It seemed to perform better on the bench, but I postponed flying the Corsair once I learned that I'd be getting the Power Star 3000.
Prior to removing the original motor, I ran some simple tests of propeller RPM, power output and current draw. I wanted to see just how much power the Power Star 3000 would make in comparison to the out-of-box system once installed.
I used the fully charged original flight battery for both the before and after tests with the help of my AstroFlight Super Whattmeter and my Hobbico Digital Mini-Tach. The Super Whattmeter is powered by the flight battery, but the tachometer was in need of a couple of fresh AAA-cell alkaline batteries. RPM readings were made without the Super Whattmeter in line.
I don't use these tools often, but they're utterly invaluable at times like this.
A check of RPMs was first, followed by the power and current draw. The high readings were:
Watts divided by amps equals voltage, so the rather severe test came out to 11.08V being pumped out by the battery. Ohm's Law still reigns supreme.
I admit to being surprised at what I thought was a low RPM reading, but that Hobbico tach simply doesn't lie.
Removing the Corsair's original motor and mount was a breeze thanks to the extended length phillips screwdriver provided with the model. I took a moment to further cut down two of the mounting screws; they were protruding just a bit into the battery compartment and I'd cut them down while in the model during the write-up. Though they didn't come close to the battery, I didn't want to take a chance on a punctured battery somewhere down the line.
Reminder: If one is removing the motor for the first time, may I again suggest the use of some 30-minute epoxy to hold the firewall in place. There's little more than the familiar "RTF Mucoidial Contact Cement, Patents Pending" holding it in place. The screws themselves may be fouled by the stuff, so patience and some gentle persuasion with pliers might be in order.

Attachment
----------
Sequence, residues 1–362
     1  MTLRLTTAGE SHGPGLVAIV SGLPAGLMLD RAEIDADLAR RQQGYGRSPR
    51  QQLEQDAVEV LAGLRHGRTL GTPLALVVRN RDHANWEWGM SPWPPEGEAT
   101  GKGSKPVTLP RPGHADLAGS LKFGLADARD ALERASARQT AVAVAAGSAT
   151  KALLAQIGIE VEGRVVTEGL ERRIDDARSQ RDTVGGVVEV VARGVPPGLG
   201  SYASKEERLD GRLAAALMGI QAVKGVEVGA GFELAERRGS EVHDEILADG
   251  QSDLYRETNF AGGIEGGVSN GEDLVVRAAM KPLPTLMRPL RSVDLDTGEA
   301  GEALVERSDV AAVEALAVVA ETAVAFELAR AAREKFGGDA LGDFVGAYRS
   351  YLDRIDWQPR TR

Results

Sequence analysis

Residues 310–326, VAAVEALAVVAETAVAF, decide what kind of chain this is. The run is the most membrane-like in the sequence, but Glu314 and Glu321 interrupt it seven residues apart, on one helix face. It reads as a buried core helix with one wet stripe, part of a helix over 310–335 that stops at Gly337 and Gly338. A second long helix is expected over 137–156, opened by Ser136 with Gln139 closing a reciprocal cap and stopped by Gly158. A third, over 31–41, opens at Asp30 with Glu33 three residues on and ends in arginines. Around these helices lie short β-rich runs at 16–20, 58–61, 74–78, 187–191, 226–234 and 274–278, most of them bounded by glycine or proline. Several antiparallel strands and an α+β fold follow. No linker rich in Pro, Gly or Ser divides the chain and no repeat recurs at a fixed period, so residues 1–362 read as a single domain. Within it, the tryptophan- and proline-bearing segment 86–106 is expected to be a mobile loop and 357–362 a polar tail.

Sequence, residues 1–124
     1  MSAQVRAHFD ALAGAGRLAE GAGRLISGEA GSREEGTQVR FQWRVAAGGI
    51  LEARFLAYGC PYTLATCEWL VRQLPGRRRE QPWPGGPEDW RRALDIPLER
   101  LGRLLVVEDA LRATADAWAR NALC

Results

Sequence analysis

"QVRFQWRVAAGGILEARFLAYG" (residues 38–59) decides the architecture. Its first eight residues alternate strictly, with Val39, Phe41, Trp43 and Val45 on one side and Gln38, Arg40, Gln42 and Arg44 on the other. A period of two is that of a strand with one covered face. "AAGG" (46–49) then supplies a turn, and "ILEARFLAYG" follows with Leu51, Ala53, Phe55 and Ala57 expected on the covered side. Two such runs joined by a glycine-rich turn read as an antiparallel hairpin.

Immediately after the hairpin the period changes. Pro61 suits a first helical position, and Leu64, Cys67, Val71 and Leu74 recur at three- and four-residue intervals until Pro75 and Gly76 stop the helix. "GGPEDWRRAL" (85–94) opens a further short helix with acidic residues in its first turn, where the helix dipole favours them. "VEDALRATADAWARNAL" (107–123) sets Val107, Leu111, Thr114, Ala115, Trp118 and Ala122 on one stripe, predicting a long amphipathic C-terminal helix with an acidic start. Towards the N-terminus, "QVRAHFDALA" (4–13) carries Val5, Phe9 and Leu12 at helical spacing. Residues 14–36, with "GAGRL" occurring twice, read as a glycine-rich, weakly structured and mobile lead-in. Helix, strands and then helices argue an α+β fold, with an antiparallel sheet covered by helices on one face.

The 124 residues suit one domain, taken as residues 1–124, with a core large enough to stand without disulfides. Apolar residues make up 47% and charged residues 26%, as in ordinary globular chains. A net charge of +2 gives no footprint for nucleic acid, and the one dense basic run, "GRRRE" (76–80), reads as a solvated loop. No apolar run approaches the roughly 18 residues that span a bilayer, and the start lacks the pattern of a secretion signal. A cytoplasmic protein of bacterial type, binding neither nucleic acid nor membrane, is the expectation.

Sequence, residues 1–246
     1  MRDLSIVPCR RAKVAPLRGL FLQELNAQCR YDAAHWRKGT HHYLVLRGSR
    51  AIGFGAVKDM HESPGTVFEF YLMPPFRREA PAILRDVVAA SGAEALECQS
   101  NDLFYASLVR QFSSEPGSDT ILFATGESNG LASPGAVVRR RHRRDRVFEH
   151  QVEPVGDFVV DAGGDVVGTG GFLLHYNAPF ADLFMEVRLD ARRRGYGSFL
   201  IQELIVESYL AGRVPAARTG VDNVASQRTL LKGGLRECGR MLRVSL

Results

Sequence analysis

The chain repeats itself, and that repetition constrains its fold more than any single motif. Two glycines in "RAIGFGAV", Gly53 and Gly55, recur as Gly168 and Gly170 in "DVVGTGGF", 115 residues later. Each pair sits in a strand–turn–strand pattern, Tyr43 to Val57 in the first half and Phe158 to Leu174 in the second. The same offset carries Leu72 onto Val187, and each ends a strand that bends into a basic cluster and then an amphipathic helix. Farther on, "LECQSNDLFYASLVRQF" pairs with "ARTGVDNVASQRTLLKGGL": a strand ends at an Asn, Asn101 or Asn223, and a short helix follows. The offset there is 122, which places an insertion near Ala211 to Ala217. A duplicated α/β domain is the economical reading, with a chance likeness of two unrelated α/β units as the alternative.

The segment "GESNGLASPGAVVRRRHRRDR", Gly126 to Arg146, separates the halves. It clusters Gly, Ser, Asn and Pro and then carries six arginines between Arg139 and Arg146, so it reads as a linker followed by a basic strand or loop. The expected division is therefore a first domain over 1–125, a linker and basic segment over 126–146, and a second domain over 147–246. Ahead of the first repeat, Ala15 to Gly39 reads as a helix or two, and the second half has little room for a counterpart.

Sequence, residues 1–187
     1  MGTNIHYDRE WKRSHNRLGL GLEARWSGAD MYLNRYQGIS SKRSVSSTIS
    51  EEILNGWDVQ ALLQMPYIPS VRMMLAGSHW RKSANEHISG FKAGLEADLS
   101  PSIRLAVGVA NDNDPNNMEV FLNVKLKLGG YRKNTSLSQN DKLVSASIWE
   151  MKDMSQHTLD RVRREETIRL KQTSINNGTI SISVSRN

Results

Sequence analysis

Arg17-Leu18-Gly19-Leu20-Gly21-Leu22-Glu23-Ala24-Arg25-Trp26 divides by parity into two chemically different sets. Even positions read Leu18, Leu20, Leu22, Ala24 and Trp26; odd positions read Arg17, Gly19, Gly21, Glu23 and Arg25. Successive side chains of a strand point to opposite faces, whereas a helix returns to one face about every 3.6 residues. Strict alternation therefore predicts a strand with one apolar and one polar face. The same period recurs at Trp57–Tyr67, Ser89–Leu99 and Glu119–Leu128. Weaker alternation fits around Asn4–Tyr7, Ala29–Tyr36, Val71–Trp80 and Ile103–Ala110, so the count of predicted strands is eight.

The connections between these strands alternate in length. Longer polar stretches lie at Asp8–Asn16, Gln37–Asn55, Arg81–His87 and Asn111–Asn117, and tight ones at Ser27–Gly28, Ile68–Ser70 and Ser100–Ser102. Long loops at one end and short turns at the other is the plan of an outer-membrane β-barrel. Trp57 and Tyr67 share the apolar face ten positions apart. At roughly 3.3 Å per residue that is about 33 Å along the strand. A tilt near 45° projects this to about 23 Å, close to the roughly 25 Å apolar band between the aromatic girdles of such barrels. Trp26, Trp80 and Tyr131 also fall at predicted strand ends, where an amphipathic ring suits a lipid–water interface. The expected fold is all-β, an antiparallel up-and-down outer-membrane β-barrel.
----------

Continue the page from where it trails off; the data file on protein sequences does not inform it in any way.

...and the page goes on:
Although the Power Star 3000 comes with the plastic adapter needed to attach it to the factory mount, I thought it would be faster and easier to simply remove the original motor at the adapter by loosening its 1.5mm grub screws and replacing it with the Power Star 3000. From there, it was a simple matter of reinstalling everything.
Before buttoning everything up, I did a quick check of the system to see if the new motor spun in the right direction.
Not only did I get it right, I immediately noticed the increase in speed.
And what an increase it was once the prop was back in place and with the same battery:
One should keep in mind that the actual numbers and performance are better than what tests would indicate. The tests were performed while I held the model in place on a work stand which naturally causes the propulsion system to work harder.